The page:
Northern District police on Wednesday arrested a gang of Torah thieves, suspected of being part of a business that took “orders” from “clients” for scrolls to be delivered in Israel and abroad.
The masterminds behind the scheme, who turned out to be two Tiberias residents, were responsible for the theft of dozens of scrolls in the city and beyond.
The two supplied "wholesale" scrolls to a Jerusalem resident, who owned a religious articles business, and subsequently sold the scrolls to clients who sought them for use in community synagogues.
The storeowner sold the goods via a variety of channels - local advertising, and over the Internet - soliciting orders from around the world.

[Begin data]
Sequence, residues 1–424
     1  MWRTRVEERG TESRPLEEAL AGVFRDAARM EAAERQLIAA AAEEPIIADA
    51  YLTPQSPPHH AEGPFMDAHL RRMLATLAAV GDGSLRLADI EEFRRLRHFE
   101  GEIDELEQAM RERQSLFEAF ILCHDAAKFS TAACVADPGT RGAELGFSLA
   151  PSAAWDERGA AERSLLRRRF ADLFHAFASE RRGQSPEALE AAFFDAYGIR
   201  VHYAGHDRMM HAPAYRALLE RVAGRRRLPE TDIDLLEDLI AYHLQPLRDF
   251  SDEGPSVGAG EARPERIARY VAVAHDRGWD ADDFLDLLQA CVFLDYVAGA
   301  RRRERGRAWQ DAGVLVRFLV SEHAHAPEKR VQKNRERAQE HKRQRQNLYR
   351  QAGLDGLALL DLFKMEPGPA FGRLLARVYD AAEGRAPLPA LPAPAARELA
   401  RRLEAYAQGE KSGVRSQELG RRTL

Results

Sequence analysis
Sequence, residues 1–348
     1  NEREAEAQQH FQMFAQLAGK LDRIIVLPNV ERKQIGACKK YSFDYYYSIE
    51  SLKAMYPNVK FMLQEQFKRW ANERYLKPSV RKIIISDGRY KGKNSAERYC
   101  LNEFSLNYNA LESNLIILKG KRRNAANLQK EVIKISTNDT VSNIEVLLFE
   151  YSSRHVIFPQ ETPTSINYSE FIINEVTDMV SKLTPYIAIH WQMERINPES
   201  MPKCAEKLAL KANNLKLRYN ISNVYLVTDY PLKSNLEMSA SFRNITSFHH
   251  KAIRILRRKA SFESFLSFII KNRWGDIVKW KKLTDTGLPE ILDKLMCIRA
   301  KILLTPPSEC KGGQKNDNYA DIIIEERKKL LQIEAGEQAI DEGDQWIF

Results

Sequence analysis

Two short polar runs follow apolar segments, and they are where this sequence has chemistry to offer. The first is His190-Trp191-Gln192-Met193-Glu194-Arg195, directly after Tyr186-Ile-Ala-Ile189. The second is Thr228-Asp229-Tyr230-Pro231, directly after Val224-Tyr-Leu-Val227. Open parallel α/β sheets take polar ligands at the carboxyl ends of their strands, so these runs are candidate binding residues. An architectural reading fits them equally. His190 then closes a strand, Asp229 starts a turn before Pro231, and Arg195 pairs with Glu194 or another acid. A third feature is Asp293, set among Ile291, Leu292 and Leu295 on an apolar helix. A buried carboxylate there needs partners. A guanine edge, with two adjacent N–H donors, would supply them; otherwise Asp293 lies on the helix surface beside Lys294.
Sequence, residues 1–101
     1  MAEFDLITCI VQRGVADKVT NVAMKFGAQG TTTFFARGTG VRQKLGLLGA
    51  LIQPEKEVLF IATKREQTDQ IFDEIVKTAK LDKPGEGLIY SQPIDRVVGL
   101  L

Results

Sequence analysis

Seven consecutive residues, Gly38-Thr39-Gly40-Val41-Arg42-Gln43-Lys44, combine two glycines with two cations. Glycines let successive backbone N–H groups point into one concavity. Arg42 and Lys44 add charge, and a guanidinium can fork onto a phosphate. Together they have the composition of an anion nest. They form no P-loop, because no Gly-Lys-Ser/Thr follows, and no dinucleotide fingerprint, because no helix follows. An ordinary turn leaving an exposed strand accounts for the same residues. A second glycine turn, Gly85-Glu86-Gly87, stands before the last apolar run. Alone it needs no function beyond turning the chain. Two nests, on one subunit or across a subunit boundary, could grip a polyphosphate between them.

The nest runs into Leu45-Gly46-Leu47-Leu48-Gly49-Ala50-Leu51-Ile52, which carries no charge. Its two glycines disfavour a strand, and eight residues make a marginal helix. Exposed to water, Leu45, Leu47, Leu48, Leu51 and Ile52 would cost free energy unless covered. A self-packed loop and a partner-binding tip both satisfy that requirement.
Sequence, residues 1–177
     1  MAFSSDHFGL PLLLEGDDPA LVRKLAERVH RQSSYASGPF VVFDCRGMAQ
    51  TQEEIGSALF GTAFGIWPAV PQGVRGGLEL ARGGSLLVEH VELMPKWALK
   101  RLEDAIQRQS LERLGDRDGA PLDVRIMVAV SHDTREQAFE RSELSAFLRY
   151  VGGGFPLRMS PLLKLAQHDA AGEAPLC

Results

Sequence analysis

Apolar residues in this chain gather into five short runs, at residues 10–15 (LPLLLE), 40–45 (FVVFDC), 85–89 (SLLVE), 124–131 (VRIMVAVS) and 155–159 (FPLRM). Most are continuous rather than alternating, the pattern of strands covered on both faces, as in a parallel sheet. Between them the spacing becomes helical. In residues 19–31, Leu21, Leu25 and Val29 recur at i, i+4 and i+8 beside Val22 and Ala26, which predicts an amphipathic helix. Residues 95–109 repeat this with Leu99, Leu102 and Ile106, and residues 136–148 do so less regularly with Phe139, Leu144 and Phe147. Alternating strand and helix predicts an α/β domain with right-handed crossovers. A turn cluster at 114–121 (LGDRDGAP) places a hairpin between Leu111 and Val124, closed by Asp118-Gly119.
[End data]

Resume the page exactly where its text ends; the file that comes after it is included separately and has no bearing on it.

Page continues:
Authentic Torah scrolls, handwritten on parchment in a painstaking manner that requires the use of an age-old method of calligraphic writing, can only be done by qualified scribes. It often takes a year or more to complete a scroll, and the price for a good-quality scroll can reach $50,000 or more.
The gang would sell its scrolls for less – but not too much less, so as not to raise the suspicions of clients on why they were getting an expensive item too cheaply.
Torah scrolls are generally registered in a national database in Israel in order to keep track of them, so that a purchaser can check to see its provenance and whether or not it was stolen. Police are investigating why no one noticed that the scrolls were stolen.
The three suspects have been detained and are being questioned. Police plan to ask for an extension of their remand.